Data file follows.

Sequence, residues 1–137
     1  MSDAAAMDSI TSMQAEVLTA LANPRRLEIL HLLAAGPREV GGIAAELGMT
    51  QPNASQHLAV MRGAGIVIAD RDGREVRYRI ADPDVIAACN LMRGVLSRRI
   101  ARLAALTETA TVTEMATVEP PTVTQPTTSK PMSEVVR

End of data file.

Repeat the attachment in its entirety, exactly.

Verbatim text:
Sequence, residues 1–137
     1  MSDAAAMDSI TSMQAEVLTA LANPRRLEIL HLLAAGPREV GGIAAELGMT
    51  QPNASQHLAV MRGAGIVIAD RDGREVRYRI ADPDVIAACN LMRGVLSRRI
   101  ARLAALTETA TVTEMATVEP PTVTQPTTSK PMSEVVR